A version of this post appeared on the Constant Contact blog in December 2012.
When you think about nonprofits and social media marketing, you probably assume that these organizations are primarily using social media tools to fundraise. Without money, you can’t provide services or pay the staff who carry out those services.
Actually, most nonprofits are going social to build relationships. When asked about social media goals for the 2012 Nonprofit Social Network Benchmark Report, nonprofits said their top three were growing their base, engaging members and growing fundraising. Two out of the three priorities focused on recruiting volunteers and supporters – growing and maintaining relationships.
So how can a nonprofit use social media to grow their volunteer base? That’s a question I answered recently for several nonprofits by presenting a session on social media during a November volunteer breakfast at the United Way of North Central Massachusetts.
The key is using the right content for your organization to engage your audience, inform them about your mission, and then recruit them once you’ve built a relationship.
Engaging your audience means sharing content that encourages them to act – you can see how successful that content is when people comment, share, like, retweet, and repin. What kind of content is engaging?
- Multimedia – Use photos and videos to engage your audience. The Pajama Program provides new pajamas to children in need, and their photos of smiling kids and families are a powerful way to tell their story. I couldn’t find one of the hundreds of their Facebook photos that didn’t have some fan interaction.
- Inspirational – Get your audience thinking about what they can do to help. UNICEF has an entire Pinterest board of inspirational quotes and photos.
- Asking a question – The Girl Scouts got a lot of mileage on Facebook recently just by asking a few questions: “So we’d love to hear your good news about girls: what skills are they learning? What educational trips have you taken? In what way have they awed and inspired you?” That simple post got 186 comments, 422 Likes, and 35 shares.
- Humor – Animal photos and humor are a natural fit for The Humane Society. Every one of the pins on their cute animal photos Pinterest board have been repined. Your nonprofit might not have anything to do with animals, but sharing funny content is always a good idea.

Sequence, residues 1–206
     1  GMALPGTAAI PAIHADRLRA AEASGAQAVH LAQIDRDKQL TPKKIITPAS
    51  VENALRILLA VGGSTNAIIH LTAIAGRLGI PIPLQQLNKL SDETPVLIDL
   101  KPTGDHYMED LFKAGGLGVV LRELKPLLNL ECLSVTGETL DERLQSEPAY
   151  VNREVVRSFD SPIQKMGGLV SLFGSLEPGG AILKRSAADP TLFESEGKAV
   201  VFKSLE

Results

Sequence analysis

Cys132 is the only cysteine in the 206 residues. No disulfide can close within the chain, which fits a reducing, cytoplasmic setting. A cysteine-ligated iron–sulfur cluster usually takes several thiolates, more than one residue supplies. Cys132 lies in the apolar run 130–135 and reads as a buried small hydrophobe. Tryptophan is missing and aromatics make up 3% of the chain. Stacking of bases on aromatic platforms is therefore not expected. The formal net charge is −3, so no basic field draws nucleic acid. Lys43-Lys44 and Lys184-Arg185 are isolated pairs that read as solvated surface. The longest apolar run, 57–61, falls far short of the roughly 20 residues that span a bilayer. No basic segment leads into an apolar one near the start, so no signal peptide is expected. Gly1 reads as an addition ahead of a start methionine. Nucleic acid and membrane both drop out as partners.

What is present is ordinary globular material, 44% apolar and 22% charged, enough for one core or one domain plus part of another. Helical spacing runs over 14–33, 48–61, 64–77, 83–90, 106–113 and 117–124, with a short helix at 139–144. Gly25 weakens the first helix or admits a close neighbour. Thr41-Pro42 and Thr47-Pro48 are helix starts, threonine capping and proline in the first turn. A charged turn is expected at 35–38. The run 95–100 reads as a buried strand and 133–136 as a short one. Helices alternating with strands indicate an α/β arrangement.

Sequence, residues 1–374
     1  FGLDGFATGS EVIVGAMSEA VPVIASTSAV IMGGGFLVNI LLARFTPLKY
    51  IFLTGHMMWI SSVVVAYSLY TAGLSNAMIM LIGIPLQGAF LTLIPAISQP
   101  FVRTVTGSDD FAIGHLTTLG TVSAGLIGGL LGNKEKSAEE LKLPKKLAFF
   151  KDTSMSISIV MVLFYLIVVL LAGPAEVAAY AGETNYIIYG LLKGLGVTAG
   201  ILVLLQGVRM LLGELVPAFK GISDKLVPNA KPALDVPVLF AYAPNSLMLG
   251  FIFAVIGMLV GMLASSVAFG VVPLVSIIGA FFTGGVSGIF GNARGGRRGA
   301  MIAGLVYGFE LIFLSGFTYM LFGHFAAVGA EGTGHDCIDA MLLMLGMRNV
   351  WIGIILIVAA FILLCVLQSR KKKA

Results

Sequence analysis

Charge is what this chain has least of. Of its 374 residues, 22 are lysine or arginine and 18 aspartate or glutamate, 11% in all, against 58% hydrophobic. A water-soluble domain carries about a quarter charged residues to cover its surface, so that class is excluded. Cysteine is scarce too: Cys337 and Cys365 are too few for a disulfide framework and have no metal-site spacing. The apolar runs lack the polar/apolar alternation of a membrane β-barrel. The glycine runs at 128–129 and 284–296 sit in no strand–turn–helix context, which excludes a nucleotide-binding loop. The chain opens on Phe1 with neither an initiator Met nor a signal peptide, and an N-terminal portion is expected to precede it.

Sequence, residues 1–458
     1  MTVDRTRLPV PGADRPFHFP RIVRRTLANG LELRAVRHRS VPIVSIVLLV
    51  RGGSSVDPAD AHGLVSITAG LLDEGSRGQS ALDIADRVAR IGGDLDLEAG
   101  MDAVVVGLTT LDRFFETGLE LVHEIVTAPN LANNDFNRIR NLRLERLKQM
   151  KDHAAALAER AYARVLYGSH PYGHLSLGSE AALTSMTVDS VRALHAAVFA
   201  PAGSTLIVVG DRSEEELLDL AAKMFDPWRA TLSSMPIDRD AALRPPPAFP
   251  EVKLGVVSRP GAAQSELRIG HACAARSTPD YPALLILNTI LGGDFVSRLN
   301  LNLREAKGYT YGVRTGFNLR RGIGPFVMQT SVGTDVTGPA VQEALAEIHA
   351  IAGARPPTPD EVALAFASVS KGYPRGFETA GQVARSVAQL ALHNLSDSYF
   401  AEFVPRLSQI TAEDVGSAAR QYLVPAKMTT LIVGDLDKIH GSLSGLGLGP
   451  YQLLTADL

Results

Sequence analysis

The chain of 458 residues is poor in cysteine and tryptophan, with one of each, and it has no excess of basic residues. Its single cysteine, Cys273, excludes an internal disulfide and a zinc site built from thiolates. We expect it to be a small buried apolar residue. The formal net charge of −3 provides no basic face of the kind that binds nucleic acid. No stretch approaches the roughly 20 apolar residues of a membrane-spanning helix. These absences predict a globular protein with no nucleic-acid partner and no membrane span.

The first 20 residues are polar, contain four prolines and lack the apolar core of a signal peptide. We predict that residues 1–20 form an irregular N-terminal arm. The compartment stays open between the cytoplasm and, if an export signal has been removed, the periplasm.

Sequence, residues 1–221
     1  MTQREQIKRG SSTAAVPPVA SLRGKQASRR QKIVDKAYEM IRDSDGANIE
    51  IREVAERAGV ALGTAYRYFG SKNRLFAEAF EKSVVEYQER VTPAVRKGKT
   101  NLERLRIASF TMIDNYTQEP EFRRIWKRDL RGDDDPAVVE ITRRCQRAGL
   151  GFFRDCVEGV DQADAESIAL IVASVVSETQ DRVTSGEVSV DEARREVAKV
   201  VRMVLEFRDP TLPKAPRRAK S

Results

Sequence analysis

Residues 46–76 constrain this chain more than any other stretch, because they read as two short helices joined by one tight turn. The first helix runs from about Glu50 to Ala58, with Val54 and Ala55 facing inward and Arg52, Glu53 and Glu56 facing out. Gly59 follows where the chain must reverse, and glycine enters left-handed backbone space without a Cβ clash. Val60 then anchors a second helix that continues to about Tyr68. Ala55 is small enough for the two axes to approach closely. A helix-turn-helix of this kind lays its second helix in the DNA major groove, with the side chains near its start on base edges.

Social media allows nonprofits to interact with their audience on a daily basis. Take advantage of that interaction by informing your audience about your mission.
- Share your news – This is basic, but it’s important. Regular posting of your accomplishments, announcements and events help to remind your fans of the vital role you serve in your community.
- Education – Your knowledge is valuable – use it to educate your social media audience. The ASPCA has a Pinterest board full of pet care tips. Each pin links to a full article on the organization’s blog.
- Events – Definitely invite your followers to events via social media, but make sure you’re posting after the event too. Event photos and video allow you to show off your hard work. Make sure you tag participants – people, sponsors and other nonprofits – in your photos to get more traction like the United Way of North Central Massachusetts did during their annual Day of Caring. As your fans interact with your content, their networks will see it, allowing you to spread your message even further.
You’ve engaged and informed your followers, and formed a connection with them. They’re thinking about you on a regular basis and they support your cause. Reach out to them through social media to recruit them as volunteers.
- Share links to your volunteer opportunities – You can post the link and add a description on Facebook and Twitter, but don’t forget about Pinterest. The San Antonio, TX Food Bank has a Pinterest board of volunteer opportunities and donation drives.
- Talk about your industry – The Massachusetts Service Alliance, which works with dozens of nonprofit agencies, shared this Americorps infographic about what just one Americorps member contributes through their work. It shows your followers how they can make a difference.
- Use statistics – The Red Cross has posted daily Hurricane Sandy relief updates on Twitter, including volunteer needs. They tweeted that 90% of their 5,700 workers helping with Sandy relief are volunteers, and linked to a website to sign up for Red Cross opportunities.
- Try LinkedIn – The Heart of West Michigan United Way posts opportunities on their LinkedIn page, and they link to their website, which has a volunteer matching service.
Need more social media help? Check out my slides from my social media presentation, Engage, Inform Recruit: How to Use Social Media for Volunteer Growth.